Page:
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Saturday Quiz – June 21, 2014 – answers and discussion

Here are the answers with discussion for yesterday’s quiz. The information provided should help you understand the reasoning behind the answers. If you haven’t already done the Quiz from yesterday then have a go at it before you read the answers. I hope this helps you develop an understanding of Modern Monetary Theory (MMT) and its application to macroeconomic thinking. Comments as usual welcome, especially if I have made an error.

Here are the answers with discussion for yesterday’s quiz. The information provided should help you understand the reasoning behind the answers. If you haven’t already done the Quiz from yesterday then have a go at it before you read the answers. I hope this helps you develop an understanding of Modern Monetary Theory (MMT) and its application to macroeconomic thinking. Comments as usual welcome, especially if I have made an error.

Question 1:

Bank lending moved from being reserve-constrained to capital-constrained once the prudential authorities relaxed reserve ratio requirements and the Bank of International Settlements introduced the Basel framework for capital adequacy.

The answer is False.

In a “fractional reserve” banking system of the type the US runs (which is really one of the relics that remains from the gold standard/convertible currency era that ended in 1971), the banks have to retain a certain percentage (10 per cent currently in the US) of deposits as reserves with the central bank. You can read about the fractional reserve system from the Federal Point page maintained by the FRNY.

Where confusion as to the role of reserve requirements begins is when you open a mainstream economics textbooks and “learn” that the fractional reserve requirements provide the capacity through which the private banks can create money. The whole myth about the money multiplier is embedded in this erroneous conceptualisation of banking operations.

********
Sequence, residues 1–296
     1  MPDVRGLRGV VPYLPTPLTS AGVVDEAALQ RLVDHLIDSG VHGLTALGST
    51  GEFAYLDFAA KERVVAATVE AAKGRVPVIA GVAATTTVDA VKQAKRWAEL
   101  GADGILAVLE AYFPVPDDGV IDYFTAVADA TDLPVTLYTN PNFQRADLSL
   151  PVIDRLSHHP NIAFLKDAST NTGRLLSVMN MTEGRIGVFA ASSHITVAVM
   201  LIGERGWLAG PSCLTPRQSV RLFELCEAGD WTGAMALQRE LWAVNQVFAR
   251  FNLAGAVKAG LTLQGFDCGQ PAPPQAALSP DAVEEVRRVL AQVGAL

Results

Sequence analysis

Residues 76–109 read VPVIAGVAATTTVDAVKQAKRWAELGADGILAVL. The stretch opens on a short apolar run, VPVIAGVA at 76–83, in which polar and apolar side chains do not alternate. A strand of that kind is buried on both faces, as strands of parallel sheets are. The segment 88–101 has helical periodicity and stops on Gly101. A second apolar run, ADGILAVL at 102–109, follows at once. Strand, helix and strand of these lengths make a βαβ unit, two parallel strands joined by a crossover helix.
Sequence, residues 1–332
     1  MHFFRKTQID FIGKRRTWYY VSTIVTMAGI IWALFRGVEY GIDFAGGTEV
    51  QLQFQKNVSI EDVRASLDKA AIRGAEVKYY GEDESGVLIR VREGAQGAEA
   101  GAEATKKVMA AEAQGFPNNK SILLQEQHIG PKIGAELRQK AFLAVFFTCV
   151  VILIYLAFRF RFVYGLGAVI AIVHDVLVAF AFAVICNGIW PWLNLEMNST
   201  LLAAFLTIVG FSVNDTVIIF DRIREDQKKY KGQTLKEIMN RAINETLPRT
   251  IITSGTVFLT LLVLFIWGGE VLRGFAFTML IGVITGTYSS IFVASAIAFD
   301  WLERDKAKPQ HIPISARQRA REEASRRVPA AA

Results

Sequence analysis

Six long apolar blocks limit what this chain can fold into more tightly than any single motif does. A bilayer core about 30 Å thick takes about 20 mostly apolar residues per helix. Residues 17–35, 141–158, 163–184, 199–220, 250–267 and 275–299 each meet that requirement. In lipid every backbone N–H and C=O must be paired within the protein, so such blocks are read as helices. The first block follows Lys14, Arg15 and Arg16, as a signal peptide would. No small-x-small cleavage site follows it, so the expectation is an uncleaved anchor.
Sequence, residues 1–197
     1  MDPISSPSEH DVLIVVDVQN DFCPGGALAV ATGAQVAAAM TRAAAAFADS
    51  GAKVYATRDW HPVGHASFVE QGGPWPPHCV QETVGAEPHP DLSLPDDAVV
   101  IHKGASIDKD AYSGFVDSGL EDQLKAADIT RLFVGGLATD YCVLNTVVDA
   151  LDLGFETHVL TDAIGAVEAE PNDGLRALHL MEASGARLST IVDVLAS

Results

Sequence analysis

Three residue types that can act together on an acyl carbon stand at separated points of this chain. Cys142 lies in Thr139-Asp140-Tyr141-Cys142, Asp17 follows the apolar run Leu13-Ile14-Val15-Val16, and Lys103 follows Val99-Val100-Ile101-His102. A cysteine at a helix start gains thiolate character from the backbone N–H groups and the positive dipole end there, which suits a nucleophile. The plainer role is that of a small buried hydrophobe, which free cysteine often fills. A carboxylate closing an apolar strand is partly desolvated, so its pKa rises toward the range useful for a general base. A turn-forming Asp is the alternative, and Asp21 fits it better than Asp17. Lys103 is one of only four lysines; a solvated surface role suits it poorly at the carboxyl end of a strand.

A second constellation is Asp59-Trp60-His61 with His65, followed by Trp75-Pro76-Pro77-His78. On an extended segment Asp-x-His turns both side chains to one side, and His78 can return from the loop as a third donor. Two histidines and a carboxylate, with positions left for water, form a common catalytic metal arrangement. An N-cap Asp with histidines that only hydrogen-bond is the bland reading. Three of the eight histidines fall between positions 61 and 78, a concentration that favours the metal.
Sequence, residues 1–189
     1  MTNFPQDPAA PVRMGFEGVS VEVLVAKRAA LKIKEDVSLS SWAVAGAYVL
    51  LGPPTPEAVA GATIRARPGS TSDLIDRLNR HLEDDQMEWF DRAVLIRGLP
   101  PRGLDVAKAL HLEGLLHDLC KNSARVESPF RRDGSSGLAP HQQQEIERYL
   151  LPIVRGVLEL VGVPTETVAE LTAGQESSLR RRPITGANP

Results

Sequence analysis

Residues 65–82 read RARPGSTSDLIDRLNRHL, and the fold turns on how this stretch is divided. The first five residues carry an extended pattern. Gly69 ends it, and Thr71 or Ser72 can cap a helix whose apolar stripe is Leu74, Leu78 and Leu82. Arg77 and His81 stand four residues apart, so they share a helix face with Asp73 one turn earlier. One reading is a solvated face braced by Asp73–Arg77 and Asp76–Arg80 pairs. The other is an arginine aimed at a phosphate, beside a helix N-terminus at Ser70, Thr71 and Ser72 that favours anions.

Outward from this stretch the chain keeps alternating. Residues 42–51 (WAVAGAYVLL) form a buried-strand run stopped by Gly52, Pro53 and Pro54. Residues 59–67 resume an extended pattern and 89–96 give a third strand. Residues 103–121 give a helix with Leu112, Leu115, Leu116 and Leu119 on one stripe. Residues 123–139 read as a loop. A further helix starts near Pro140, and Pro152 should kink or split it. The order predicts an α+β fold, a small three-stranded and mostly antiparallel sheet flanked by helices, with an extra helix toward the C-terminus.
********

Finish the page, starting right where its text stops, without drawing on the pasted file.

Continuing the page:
The FRNY educational material also perpetuates this myth. They say:

If the reserve requirement is 10%, for example, a bank that receives a $100 deposit may lend out $90 of that deposit. If the borrower then writes a check to someone who deposits the $90, the bank receiving that deposit can lend out $81. As the process continues, the banking system can expand the initial deposit of $100 into a maximum of $1,000 of money ($100+$90+81+$72.90+…=$1,000). In contrast, with a 20% reserve requirement, the banking system would be able to expand the initial $100 deposit into a maximum of $500 ($100+$80+$64+$51.20+…=$500). Thus, higher reserve requirements should result in reduced money creation and, in turn, in reduced economic activity.

This is not an accurate description of the way the banking system actually operates and the FRNY (for example) clearly knows their representation is stylised and inaccurate. Later in the same document they they qualify their depiction to the point of rendering the last paragraph irrelevant. After some minor technical points about which deposits count to the requirements, they say this:

Furthermore, the Federal Reserve operates in a way that permits banks to acquire the reserves they need to meet their requirements from the money market, so long as they are willing to pay the prevailing price (the federal funds rate) for borrowed reserves. Consequently, reserve requirements currently play a relatively limited role in money creation in the United States.

In other words, the required reserves play no role in the credit creation process.

The actual operations of the monetary system are described in this way. Banks seek to attract credit-worthy customers to which they can loan funds to and thereby make profit. What constitutes credit-worthiness varies over the business cycle and so lending standards become more lax at boom times as banks chase market share (this is one of Minsky’s drivers).

These loans are made independent of the banks’ reserve positions. Depending on the way the central bank accounts for commercial bank reserves, the latter will then seek funds to ensure they have the required reserves in the relevant accounting period. They can borrow from each other in the interbank market but if the system overall is short of reserves these “horizontal” transactions will not add the required reserves. In these cases, the bank will sell bonds back to the central bank or borrow outright through the device called the “discount window”.

At the individual bank level, certainly the “price of reserves” will play some role in the credit department’s decision to loan funds. But the reserve position per se will not matter. So as long as the margin between the return on the loan and the rate they would have to borrow from the central bank through the discount window is sufficient, the bank will lend.